Subject(s)
Angiography , Brain , Brain Ischemia , Carotid Artery, Internal , Cerebrovascular Circulation , Cerebrovascular Disorders , Choroid , Dilatation , Hemorrhage , Humans , Intracranial Hemorrhages , Moyamoya Disease , Posterior Cerebral Artery
3.
Journal of Stroke ; : 12-20, 2016.
Article in English | WPRIM | ID: wpr-135899

ABSTRACT

Moyamoya disease (MMD) is a unique cerebrovascular disease characterized by the progressive stenosis of large intracranial arteries and a hazy network of basal collaterals called moyamoya vessels. Because the etiology of MMD is unknown, its diagnosis is based on characteristic angiographic findings. Re-vascularization techniques (e.g., bypass surgery) are used to restore perfusion, and are the primary treatment for MMD. There is no specific treatment to prevent MMD progression. This review summarizes the recent advances in MMD pathophysiology, including the genetic and circulating factors related to disease development. Genetic and environmental factors may play important roles in the development of the vascular stenosis and aberrant angiogenesis in complex ways. These factors include the related changes in circulating endothelial/smooth muscle progenitor cells, cytokines related to vascular remodeling and angiogenesis, and endothelium, such as caveolin which is a plasma membrane protein. With a better understanding of MMD pathophysiology, nonsurgical approaches targeting MMD pathogenesis may be available to stop or slow the progression of this disease. The possible strategies include targeting growth factors, retinoic acid, caveolin-1, and stem cells.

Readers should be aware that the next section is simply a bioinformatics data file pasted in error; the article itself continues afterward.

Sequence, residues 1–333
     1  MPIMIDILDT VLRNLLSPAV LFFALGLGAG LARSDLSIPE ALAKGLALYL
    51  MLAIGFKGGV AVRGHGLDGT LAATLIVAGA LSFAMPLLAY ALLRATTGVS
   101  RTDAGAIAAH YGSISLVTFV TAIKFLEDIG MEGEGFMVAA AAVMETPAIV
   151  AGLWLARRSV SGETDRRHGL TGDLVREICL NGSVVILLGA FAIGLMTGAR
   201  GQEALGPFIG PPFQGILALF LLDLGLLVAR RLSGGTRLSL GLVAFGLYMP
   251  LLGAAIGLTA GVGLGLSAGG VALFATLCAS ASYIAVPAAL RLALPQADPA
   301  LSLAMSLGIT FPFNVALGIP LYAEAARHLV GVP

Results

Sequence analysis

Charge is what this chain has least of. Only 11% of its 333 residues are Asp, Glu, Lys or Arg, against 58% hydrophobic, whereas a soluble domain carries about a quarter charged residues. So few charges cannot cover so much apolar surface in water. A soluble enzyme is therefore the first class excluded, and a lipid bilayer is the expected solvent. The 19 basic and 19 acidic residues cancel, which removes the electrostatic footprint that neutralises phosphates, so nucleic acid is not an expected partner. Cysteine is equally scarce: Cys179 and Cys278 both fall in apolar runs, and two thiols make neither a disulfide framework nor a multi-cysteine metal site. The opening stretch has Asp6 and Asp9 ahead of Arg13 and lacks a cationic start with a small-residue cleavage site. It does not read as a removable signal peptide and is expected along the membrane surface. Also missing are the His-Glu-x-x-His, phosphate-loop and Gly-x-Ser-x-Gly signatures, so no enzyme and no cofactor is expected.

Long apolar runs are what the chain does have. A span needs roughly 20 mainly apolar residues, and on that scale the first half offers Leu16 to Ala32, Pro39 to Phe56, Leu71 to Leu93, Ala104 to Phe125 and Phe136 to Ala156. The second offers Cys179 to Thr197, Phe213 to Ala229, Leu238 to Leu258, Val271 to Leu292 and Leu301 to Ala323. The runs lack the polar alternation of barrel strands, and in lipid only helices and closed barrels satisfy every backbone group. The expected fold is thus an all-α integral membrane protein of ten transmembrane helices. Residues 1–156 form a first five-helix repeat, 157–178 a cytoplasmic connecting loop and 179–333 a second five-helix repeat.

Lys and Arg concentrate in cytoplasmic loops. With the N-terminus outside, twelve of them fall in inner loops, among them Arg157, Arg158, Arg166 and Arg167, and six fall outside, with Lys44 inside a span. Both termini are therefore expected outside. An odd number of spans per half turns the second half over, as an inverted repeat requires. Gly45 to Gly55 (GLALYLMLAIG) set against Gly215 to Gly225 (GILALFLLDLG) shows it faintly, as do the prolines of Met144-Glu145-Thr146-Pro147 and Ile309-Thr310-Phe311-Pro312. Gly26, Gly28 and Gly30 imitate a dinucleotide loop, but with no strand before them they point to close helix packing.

Subject(s)
Arteries , Caveolin 1 , Cell Membrane , Constriction, Pathologic , Cytokines , Diagnosis , Endothelium , Intercellular Signaling Peptides and Proteins , Moyamoya Disease , Perfusion , Stem Cells , Tretinoin
4.
Journal of Stroke ; : 12-20, 2016.
Article in English | WPRIM | ID: wpr-135894

ABSTRACT

Moyamoya disease (MMD) is a unique cerebrovascular disease characterized by the progressive stenosis of large intracranial arteries and a hazy network of basal collaterals called moyamoya vessels. Because the etiology of MMD is unknown, its diagnosis is based on characteristic angiographic findings. Re-vascularization techniques (e.g., bypass surgery) are used to restore perfusion, and are the primary treatment for MMD. There is no specific treatment to prevent MMD progression. This review summarizes the recent advances in MMD pathophysiology, including the genetic and circulating factors related to disease development. Genetic and environmental factors may play important roles in the development of the vascular stenosis and aberrant angiogenesis in complex ways. These factors include the related changes in circulating endothelial/smooth muscle progenitor cells, cytokines related to vascular remodeling and angiogenesis, and endothelium, such as caveolin which is a plasma membrane protein. With a better understanding of MMD pathophysiology, nonsurgical approaches targeting MMD pathogenesis may be available to stop or slow the progression of this disease. The possible strategies include targeting growth factors, retinoic acid, caveolin-1, and stem cells.